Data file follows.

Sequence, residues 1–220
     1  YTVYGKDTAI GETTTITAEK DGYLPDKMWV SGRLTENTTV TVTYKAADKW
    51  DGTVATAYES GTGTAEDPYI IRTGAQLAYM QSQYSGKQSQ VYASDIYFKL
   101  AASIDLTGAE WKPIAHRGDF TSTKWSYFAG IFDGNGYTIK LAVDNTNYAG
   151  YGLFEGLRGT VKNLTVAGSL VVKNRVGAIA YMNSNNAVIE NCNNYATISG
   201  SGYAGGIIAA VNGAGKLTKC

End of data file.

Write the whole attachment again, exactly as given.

Sequence, residues 1–220
     1  YTVYGKDTAI GETTTITAEK DGYLPDKMWV SGRLTENTTV TVTYKAADKW
    51  DGTVATAYES GTGTAEDPYI IRTGAQLAYM QSQYSGKQSQ VYASDIYFKL
   101  AASIDLTGAE WKPIAHRGDF TSTKWSYFAG IFDGNGYTIK LAVDNTNYAG
   151  YGLFEGLRGT VKNLTVAGSL VVKNRVGAIA YMNSNNAVIE NCNNYATISG
   201  SGYAGGIIAA VNGAGKLTKC